Explain the functioning of mobile TCP.

Mumbai University > Computer Engineering > Sem6 > Mobile Communication and Computing

Marks: 10M

Year: Dec 2015

1 Answer
  • With the advent of WLANs, a lot of research went into increasing the performance of TCP in wireless and mobile environments, some of its outcome are I-TCP and SNOOP-TCP, Mobile-TCP etc. Let us study Mobile-TCP.

  • M-TCP (mobile TCP) has the same goals as similar to its variants i.e. I-TCP and Snoop-TCP. It too wants to improve overall throughput, to lower the delay, to main end-to-end semantics of TCP.

  • But, it is mainly enhanced to address problems related to lengthy or frequent disconnections.

Basic TCP methodology:

  • When a node does not receive an acknowledgement back form the host, it carries out retransmission.

  • A TCP sender tries to retransmit data controlled by retransmission timer which doubles up with each unsuccessful attempt. (upto a maximum of one minute)

  • A sender tries to retransmit an unacknowledged packet every one minute and gives up after 12 minutes.

  • If in I-TCP, the mobile host is disconnected, then in such a situation, the FA will keep of buffering more and more data packets.

  • In case of a handover following this disconnection, we have more data to be transmitted to new FA.

  • Snoop-TCP also suffers from similar such problems.

Mobile TCP:

  • The M-TCP splits up the connection into two parts:

    • An unmodified TCP is used on the Standard host-Supervisory Host section
    • An optimised TCP is used on the Supervisory Host- Mobile Host section.
  • The Supervisory Host (SH) adorns the same role as the proxy (Foreign Agent) in I-TCP.

  • The SH is responsible for exchanging data to both the Standard host and the Mobile host.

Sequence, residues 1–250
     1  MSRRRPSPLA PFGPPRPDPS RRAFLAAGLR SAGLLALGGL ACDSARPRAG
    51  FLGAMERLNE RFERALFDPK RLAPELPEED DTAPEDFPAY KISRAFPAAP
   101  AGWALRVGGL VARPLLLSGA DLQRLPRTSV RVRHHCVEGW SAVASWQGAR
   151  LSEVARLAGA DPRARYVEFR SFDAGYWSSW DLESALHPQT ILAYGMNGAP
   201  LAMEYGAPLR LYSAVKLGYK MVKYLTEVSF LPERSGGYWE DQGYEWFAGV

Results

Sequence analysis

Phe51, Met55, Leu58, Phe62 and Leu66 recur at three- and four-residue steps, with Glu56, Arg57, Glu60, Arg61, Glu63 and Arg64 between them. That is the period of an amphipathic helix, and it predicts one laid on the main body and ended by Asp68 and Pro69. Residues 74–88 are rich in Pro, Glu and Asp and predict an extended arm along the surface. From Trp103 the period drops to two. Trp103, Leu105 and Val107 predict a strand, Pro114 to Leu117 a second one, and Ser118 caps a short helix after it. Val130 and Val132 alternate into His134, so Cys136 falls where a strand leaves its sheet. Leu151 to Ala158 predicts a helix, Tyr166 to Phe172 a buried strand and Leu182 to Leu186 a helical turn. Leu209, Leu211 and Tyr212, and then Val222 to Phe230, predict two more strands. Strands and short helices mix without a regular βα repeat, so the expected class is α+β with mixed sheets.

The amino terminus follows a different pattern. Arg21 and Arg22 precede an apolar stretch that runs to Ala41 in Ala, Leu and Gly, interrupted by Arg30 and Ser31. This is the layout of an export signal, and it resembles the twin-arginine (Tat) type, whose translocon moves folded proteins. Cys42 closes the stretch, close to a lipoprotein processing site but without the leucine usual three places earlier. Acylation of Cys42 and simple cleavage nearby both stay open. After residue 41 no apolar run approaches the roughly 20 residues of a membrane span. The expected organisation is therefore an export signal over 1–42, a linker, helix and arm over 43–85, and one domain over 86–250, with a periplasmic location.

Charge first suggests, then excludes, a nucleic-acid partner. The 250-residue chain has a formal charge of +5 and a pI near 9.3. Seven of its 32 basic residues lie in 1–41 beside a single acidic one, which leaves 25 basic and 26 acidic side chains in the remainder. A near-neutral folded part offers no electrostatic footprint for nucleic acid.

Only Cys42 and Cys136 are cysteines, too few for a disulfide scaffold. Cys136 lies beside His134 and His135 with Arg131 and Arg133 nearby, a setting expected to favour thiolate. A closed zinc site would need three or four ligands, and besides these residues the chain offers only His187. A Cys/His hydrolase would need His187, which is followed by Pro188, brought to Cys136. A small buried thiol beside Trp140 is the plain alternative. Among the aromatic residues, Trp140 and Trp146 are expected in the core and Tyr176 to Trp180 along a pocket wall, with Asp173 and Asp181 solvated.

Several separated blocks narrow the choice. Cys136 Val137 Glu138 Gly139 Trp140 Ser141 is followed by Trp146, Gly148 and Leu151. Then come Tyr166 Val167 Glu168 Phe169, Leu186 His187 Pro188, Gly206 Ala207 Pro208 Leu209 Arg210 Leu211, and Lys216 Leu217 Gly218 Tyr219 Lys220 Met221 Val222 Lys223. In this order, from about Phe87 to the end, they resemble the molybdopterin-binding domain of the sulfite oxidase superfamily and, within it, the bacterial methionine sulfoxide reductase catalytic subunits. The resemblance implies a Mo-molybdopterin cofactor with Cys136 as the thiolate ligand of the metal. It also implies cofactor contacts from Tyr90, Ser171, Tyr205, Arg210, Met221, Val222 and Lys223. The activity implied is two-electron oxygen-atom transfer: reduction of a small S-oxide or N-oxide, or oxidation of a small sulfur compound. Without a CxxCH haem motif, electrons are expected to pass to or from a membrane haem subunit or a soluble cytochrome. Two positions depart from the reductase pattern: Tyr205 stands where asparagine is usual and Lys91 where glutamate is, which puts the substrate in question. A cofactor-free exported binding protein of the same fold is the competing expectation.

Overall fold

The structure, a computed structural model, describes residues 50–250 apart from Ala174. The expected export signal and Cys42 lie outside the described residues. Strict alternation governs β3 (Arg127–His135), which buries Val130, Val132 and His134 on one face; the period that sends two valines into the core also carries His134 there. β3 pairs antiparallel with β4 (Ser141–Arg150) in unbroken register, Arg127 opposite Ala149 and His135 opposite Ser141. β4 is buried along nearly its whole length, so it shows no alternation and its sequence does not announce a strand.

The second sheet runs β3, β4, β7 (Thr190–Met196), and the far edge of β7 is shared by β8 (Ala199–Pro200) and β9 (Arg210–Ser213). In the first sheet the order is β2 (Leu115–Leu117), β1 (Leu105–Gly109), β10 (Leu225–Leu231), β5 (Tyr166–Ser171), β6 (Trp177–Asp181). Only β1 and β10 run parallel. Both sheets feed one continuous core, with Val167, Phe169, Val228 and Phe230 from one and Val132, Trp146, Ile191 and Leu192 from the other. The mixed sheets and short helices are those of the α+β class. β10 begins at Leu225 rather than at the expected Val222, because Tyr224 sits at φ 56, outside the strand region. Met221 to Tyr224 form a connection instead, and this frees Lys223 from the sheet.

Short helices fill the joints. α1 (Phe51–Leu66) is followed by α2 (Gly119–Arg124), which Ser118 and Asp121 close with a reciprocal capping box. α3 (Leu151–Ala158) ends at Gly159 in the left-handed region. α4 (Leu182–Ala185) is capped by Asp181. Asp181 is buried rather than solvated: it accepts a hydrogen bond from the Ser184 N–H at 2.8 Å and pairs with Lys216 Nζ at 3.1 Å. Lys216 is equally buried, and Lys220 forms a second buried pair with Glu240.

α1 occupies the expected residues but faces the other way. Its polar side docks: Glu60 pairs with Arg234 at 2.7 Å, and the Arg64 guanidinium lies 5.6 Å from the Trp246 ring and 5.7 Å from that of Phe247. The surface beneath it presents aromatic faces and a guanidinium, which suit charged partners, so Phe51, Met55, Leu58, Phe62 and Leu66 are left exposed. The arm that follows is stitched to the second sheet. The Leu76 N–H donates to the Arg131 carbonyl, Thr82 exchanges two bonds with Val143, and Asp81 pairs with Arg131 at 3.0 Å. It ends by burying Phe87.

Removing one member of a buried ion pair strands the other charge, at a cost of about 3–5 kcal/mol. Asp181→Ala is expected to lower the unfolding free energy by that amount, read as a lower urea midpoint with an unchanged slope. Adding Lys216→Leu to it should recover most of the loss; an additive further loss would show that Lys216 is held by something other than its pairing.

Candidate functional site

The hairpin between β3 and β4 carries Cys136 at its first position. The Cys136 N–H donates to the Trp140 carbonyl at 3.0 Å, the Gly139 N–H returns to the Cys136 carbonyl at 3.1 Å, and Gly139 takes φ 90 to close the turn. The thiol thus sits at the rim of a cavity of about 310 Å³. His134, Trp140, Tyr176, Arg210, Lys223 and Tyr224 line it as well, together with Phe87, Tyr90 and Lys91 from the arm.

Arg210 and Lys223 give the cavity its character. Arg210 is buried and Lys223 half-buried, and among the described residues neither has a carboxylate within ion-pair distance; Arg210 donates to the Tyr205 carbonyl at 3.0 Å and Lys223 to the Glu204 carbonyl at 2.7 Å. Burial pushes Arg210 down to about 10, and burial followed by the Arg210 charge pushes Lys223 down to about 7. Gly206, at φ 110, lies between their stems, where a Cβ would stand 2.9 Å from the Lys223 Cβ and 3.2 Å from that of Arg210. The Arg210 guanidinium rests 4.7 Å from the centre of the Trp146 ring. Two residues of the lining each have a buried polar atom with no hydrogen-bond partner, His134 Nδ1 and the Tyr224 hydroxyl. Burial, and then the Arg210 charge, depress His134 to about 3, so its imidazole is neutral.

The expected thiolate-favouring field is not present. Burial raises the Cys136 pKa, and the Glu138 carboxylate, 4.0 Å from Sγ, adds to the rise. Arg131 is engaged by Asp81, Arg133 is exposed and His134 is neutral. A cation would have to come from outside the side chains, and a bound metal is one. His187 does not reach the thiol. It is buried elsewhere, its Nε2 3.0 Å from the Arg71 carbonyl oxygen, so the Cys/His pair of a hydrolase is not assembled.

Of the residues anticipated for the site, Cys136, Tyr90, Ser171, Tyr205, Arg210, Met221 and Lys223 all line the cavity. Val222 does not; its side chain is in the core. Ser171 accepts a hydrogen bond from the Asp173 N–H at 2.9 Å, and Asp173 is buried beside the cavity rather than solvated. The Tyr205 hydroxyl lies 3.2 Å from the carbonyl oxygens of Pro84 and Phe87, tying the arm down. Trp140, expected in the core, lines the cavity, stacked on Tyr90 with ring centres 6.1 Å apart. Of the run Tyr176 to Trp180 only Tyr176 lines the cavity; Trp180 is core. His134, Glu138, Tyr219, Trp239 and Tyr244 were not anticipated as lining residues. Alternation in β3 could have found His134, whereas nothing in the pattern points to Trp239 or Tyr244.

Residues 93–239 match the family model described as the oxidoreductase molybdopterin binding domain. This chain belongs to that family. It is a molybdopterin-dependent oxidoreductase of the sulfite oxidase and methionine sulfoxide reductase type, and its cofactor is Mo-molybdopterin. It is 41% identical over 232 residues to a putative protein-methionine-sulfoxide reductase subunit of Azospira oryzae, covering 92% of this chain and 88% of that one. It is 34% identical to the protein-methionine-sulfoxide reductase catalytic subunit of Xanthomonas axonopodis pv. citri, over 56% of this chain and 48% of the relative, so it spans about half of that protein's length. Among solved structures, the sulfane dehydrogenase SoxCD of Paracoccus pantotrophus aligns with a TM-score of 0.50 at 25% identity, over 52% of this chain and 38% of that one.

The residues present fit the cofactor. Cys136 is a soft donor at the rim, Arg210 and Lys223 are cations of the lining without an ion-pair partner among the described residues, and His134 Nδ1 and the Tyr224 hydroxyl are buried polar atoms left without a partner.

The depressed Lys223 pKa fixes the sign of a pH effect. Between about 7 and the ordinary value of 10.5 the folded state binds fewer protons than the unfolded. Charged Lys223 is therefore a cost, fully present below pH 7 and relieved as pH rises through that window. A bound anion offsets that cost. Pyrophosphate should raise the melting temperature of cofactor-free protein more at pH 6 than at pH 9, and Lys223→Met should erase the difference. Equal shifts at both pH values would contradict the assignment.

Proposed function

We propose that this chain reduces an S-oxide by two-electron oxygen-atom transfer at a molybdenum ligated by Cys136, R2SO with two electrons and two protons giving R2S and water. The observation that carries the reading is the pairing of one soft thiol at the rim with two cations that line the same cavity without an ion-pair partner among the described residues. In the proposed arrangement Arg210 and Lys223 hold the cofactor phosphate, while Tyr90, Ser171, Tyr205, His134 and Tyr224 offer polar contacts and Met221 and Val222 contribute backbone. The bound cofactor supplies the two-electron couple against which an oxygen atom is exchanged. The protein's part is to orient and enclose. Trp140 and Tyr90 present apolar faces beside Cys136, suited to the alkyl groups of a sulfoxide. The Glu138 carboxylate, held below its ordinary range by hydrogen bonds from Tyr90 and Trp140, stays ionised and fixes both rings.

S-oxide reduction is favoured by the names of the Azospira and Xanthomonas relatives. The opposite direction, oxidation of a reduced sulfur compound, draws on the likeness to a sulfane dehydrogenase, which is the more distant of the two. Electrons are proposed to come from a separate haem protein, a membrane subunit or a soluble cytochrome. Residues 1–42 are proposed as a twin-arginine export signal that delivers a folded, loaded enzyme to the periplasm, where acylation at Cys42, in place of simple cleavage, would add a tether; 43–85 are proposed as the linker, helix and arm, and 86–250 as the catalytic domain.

• Here in this approach, we assume that the error bit rate is less as compared to other wireless links.

  • So if any packet is lost, the retransmission has to occur from the original sender and not by the SH. (This also maintains the end-to-end TCP semantic)

  • The SH monitors the ACKs (ACK means acknowledgement) being sent by the MH. If for a long period ACKs have not been received, then the SH assumes that the MH has been disconnected (maybe due to failure or moved out of range, etc...).

  • If so the SH chokes the sender by setting its window size to 0.

  • Because of this the sender goes into persistent mode i.e. the sender’s state will not change no matter how long the receiver is disconnected.

  • This means that the sender will not try to retransmit the data.

  • Now when the SH detects a connectivity established again with the MH (the old SH or new SH if handover), the window of the sender is restored to original value.


  • Maintains the TCP end-to-end semantics. (No failed packet retransmission is done by the SH .All job handled by original sender)

  • Does not require the change in the sender’s TCP.

  • If MH disconnected, it doesn’t waste time in useless transmissions and shrinks the window size to 0.

  • No need to send old buffer data to new SH in case of handover (as in I-TCP).


  • M-TCP assumes low bit error which is not always true. So, any packet loss due to bit-errors occurring, then its propagated to the sender.

  • Modifications are required for the MH protocol software.

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